"I hardly expected to find you still here at this season," he said to Briscoe, congratulating himself, "but I took the chances. You must lend me a horse."

Briscoe's instincts of hospitality were paramount, and he declared that he would not allow the new-comer to depart so summarily. He must stay and dine; he must stay the night; he must join the hunt that was planned for to-morrow--a first-rate gun was at his disposal.

"I'll get you back to Glaston without delay. I'll let you drive the dog-cart with Fairy-foot, the prettiest bit of horse-flesh that ever wore a shoe--trots to beat the band! You can hunt all day with Bayne and me, and a little before sunset you can start for Shaftesville, and she will whisk you there in an hour and a quarter, twenty miles. You needn't start till five o'clock to catch the seven-ten train, with lots of time to spare."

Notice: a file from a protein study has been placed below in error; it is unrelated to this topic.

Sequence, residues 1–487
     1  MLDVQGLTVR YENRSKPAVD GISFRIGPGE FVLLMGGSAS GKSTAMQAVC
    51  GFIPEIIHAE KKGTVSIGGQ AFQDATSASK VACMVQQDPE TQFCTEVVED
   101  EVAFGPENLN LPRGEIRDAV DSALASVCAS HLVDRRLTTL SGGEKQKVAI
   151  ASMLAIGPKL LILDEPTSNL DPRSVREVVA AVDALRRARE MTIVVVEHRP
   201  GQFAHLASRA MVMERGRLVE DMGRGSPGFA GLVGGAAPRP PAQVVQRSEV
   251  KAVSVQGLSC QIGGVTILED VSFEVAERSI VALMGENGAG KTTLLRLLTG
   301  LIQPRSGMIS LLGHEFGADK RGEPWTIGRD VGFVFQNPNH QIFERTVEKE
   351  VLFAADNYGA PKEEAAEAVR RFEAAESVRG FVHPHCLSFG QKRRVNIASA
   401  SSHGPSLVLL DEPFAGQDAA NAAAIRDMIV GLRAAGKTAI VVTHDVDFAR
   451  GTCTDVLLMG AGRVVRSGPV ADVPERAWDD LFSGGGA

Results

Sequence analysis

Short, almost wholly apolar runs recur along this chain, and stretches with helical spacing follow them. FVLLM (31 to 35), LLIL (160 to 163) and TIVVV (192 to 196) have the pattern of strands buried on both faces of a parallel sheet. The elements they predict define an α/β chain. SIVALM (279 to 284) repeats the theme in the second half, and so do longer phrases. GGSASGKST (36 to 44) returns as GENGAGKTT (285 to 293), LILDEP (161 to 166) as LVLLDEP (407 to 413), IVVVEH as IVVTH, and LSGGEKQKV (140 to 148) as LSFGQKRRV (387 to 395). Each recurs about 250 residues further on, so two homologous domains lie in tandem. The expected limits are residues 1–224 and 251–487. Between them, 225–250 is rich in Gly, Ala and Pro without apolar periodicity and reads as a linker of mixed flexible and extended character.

In spite of all denial, the telephone bell was presently jangling as Briscoe rang up the passenger-agent at the railroad depot in the little town of Shaftesville, twenty miles away.

"Twenty-six--yes, Central, I _did say twenty-six!... Hello, Tucker, is that you?... See here--Mr. Frank Dean will be there with the dog-cart and Fairy-foot to-morrow evening to catch the seven-ten train for Glaston--leaves here about an hour by sun. Will you do me the favor to hire a responsible party there to bring the mare back?... Can't spare a man from here. Lost two of my dogs--yes, my fine, full-blooded hounds--you remember Damon and Pythias? Strayed off from the pack, and all hands and the cook have got to get out straightway and hunt them. Wolves--awfully afraid they will get the hounds. Outnumber them and pull them down--fierce at this season.... Yes, I hope so! You'll look out for Fairy-foot?... Thanks, awfully.... Yes, _he would do--careful fellow! Tell him to drive slowly coming back. Dean will race her down there at the top of her speed. (Hush up, Frank, _I know what I am talking about.) Mr. Dean will be there all right. Thank you very much. Do as much for you some day. Goo'-by."